Our bodies brushed together. I was getting closer and closer. For a while I remembered what it’s like to be young and scared and wanting so badly to give yourself away, because you don’t know what to with all that’s been given to you.
You do it with your eyes shut and your mind on fire and a burning desire to never get yourself back. Not the way you were, anyway. There I was again, trying to negotiate a new, changed self with a man, since God, whom I had, at that point, turned into some sort of business partner – ‘I’ll be a good girl, just make this and that come true’ – seemed to have run out.
His grip got tighter as the minutes and strangers passed by. His body was warm, his breath smelled of alcohol and mint, and his skin of strong cologne. His eyes moved up and down my body, or however much he could make out of it. ‘Let’s go outside,’ he whispered in my ear.
I followed. It was grey, almost dark, and it had started to rain again. I liked the cold, refreshing wind and the sound of cars driving on wet streets. Somebody offered me a drink, but I refused and found my way to him. He was waiting for me with a pack of cigarettes in his hand. I told him my name and accepted one with a smile.
“It’s Mel,” I said. “Just Mel.”
“No one’s name is just something,” he said back.
Nice job, just Mel. You picked the greatest one.
“Mel, you weren’t flirting with me earlier, like I thought you were.”
I, too, was surprised to hear that.
“No, I don’t think so,” he said, vaguely disappointed.
“Oh. What was I doing then?”
He was right, to some extent. I liked putting myself in strange situations and seeing what I do next, like directing and acting in a film about – yes, that’s right – your girl here. ‘What’s behind that door?’ I ask myself in the mirror, and my reflection goes, ‘Why don’t you find out?’ And then I get up, get ready, and get excited. But that shouldn’t be visible to others.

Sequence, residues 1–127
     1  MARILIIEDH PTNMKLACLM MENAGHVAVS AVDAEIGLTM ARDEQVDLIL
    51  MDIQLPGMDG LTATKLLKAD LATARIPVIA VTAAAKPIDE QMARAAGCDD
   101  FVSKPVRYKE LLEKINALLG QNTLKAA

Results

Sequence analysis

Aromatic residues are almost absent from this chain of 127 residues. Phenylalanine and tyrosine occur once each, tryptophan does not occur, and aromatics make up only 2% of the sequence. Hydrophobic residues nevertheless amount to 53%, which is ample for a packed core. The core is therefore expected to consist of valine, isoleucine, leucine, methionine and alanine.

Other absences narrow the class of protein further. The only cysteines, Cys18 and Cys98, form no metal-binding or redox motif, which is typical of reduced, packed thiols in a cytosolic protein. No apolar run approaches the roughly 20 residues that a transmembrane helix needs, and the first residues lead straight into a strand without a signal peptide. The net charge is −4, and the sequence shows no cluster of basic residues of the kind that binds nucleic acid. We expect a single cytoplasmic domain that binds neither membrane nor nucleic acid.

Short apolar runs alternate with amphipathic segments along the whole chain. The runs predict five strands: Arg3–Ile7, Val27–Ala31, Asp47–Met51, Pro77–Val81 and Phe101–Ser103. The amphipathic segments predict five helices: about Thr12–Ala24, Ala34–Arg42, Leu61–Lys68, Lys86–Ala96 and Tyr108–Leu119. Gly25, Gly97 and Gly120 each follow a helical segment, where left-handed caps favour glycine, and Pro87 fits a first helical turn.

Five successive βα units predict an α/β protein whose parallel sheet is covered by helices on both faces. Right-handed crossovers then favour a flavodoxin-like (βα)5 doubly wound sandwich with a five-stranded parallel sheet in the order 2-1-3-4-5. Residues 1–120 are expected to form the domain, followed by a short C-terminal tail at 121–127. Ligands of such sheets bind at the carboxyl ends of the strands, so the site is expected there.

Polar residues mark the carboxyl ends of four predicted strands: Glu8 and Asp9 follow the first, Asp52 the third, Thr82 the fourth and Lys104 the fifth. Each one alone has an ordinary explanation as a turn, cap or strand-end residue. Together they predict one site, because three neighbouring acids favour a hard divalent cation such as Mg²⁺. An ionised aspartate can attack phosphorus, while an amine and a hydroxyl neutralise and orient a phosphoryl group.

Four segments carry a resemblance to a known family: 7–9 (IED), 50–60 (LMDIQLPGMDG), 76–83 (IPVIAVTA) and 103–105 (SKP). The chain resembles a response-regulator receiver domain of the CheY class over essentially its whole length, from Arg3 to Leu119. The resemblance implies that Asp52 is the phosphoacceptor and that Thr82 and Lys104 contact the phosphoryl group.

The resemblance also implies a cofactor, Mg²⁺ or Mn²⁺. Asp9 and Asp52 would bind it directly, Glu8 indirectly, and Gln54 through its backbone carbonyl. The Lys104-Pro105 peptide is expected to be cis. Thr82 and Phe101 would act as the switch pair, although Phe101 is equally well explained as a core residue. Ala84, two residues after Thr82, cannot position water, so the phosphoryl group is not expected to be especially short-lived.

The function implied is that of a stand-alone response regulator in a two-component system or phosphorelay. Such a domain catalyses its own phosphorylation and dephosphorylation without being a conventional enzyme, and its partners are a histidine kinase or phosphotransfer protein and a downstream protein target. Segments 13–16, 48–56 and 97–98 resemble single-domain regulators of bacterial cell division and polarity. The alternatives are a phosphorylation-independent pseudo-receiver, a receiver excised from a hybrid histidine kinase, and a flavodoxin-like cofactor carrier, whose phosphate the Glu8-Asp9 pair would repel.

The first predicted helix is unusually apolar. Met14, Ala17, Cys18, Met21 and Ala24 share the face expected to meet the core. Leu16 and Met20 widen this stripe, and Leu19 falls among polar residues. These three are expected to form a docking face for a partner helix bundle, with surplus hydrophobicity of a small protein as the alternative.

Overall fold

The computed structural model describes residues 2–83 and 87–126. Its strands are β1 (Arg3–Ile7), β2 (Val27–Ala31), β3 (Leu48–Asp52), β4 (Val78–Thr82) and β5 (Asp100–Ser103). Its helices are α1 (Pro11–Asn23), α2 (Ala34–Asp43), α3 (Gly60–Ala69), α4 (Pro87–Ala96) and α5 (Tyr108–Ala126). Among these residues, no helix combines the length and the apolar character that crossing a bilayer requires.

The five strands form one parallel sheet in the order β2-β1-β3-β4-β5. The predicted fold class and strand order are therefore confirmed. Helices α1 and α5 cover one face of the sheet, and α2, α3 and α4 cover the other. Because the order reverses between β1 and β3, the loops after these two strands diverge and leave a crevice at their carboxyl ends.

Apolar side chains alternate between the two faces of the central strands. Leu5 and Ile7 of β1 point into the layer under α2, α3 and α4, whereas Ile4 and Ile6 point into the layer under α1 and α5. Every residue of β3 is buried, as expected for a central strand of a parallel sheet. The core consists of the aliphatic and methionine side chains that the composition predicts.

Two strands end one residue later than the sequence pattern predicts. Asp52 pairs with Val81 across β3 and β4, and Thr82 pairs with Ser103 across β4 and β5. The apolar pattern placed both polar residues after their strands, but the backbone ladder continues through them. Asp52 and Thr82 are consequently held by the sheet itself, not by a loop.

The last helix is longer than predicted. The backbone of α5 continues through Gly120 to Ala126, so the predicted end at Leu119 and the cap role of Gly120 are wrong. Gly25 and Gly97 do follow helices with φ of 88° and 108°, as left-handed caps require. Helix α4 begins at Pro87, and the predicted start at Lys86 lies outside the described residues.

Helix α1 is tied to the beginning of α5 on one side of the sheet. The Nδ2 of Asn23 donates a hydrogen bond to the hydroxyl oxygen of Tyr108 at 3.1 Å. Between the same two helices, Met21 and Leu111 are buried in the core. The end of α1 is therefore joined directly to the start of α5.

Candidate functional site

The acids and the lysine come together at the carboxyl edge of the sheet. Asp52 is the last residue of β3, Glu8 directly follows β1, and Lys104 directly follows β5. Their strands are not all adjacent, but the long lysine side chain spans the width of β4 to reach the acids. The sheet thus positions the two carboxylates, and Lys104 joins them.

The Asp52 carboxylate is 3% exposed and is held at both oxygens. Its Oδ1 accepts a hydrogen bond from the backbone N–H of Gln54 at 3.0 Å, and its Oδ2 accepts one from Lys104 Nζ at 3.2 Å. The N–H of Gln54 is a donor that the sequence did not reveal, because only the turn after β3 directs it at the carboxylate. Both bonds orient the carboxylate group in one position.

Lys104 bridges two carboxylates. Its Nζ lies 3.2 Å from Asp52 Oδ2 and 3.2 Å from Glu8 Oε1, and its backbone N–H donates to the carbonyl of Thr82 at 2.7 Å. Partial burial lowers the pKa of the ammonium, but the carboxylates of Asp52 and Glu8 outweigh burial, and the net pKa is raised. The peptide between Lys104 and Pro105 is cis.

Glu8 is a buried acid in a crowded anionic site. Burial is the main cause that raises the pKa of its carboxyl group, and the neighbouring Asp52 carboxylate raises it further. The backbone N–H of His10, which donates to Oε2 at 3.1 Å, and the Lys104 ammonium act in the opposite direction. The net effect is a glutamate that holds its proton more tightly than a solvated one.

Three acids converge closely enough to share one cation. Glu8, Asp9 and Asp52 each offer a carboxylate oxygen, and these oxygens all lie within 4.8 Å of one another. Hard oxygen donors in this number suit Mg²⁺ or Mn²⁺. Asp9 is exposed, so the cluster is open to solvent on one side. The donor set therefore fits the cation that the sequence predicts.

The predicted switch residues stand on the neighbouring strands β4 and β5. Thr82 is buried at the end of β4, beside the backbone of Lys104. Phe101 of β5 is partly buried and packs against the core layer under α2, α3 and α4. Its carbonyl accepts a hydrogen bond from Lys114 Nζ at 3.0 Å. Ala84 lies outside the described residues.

I started balancing on one foot, nervously. Sometimes I am all pieces, collected from here and there, and friends and lovers, and sometimes strangers too. They don’t always make much sense together, and I’m left with more questions than answers. But that doesn’t stop my curiosity for long.
I am always looking for more bricks to add to being just Mel, in the perhaps naive hope that one day I’ll introduce myself differently to the world.
“Are you alright?”
My senses had been out of tune for a good few moments – of course.
“I am. Tell me, what did you think I was doing inside?”
“I have no idea. You look like you’ve had too much to drink. I don’t think you had any idea, either.”
I nodded. There was no point in explaining. I made a mental note to be more careful. I was, as ever, too transparent.
“Just Mel,” he said smiling. “I’m sorry. Maybe we can start again?”
I took a step back, then one forward again, and put my hand out. As I thought of what to say, I saw what his face looked like with a smile on. The second mental note I made went something like, ‘Remember that you like this.’
“Still just Mel,” came out almost instantly.
I tried to contain myself, but couldn’t help the stifled laughter for long.
“Just Mel is just fine,” he said, trying to hide his too.
He took my hand and, oh…
But that’s a story to be continued.